Rep. Steve King (R-Iowa) is standing behind his controversial tweet indicating support of white nationalism, saying on Monday that he’d like the United States to be “so homogenous that we look a lot the same.”
King faced severe backlash Sunday after retweeting an Islamophobic cartoon.
When CNN host Chris Cuomo confronted King about the tweet, the congressman chose to double down on the message.
“This is being condemned by many regions of American politics and citizenry,” Cuomo said about King’s tweet. “What did you mean?”
“Well, of course, I meant exactly what I said,” King replied. “You cannot rebuild your civilization with somebody else’s babies. You’ve got to keep your birth rate up. ... You need to teach your children your values and in doing so, then you can grow your population, and you can strengthen your culture, you can strengthen your way of life.”
Cuomo called out King for wanting to “white cleanse” the U.S. population and said his birth rate strategy is “a complete contradiction” of American values.
King didn’t explicitly refute the assertion, claiming his “somebody else’s babies” comment addressed what he considers a “push to bring much illegal immigration” to America and “the void” that abortion has left in the U.S. population.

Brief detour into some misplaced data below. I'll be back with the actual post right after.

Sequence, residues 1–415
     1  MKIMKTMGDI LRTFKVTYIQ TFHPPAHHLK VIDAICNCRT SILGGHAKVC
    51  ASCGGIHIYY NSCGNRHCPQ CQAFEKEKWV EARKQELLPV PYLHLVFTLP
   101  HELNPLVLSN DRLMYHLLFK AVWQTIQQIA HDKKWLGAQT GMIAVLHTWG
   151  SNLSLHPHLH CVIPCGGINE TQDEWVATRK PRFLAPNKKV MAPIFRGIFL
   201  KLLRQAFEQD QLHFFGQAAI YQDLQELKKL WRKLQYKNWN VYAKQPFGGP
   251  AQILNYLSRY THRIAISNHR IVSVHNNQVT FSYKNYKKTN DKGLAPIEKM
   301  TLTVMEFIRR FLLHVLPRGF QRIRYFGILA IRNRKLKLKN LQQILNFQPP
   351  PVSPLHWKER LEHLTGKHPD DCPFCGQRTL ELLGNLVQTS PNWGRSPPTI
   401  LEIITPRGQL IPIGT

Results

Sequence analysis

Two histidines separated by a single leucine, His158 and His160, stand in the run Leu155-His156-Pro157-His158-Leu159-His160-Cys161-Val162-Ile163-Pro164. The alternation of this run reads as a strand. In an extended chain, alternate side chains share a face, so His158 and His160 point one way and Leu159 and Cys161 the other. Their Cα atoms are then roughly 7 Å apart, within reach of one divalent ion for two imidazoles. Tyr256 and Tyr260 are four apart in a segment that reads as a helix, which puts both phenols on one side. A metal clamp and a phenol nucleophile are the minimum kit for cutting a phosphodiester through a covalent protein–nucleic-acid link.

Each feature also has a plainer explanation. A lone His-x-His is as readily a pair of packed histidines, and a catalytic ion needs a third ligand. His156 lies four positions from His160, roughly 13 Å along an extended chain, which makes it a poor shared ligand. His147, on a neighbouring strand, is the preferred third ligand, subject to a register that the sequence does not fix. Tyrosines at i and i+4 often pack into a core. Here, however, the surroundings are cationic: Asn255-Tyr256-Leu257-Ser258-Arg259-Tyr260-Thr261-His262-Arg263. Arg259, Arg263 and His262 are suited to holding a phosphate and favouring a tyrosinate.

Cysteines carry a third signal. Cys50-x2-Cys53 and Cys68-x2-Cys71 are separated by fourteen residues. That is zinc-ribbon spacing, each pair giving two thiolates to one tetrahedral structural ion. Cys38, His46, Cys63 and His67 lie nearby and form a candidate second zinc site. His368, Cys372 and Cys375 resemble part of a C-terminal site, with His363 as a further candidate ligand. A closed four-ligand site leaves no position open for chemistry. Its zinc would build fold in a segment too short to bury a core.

“I want us to be looking at that, promoting the birth rate in America, restoring the rule of law, putting an end to illegal immigration and recognizing we need to be a country that’s pulled together on similar values,” King said.
Cuomo pushed back again, accusing King of viewing Americans as either “white” or “not right.”
“I’d like to see an America that’s just so homogenous that we look a lot the same from that perspective,” King said. “I think there’s been far too much focus on race, especially in the last eight years. And I want to see that put behind us.”
King’s recent tweet is only the latest racially charged remark the congressman has made. In July, he came under scrutiny for claiming Western civilization (white people, essentially) had made the most contributions to the world throughout history.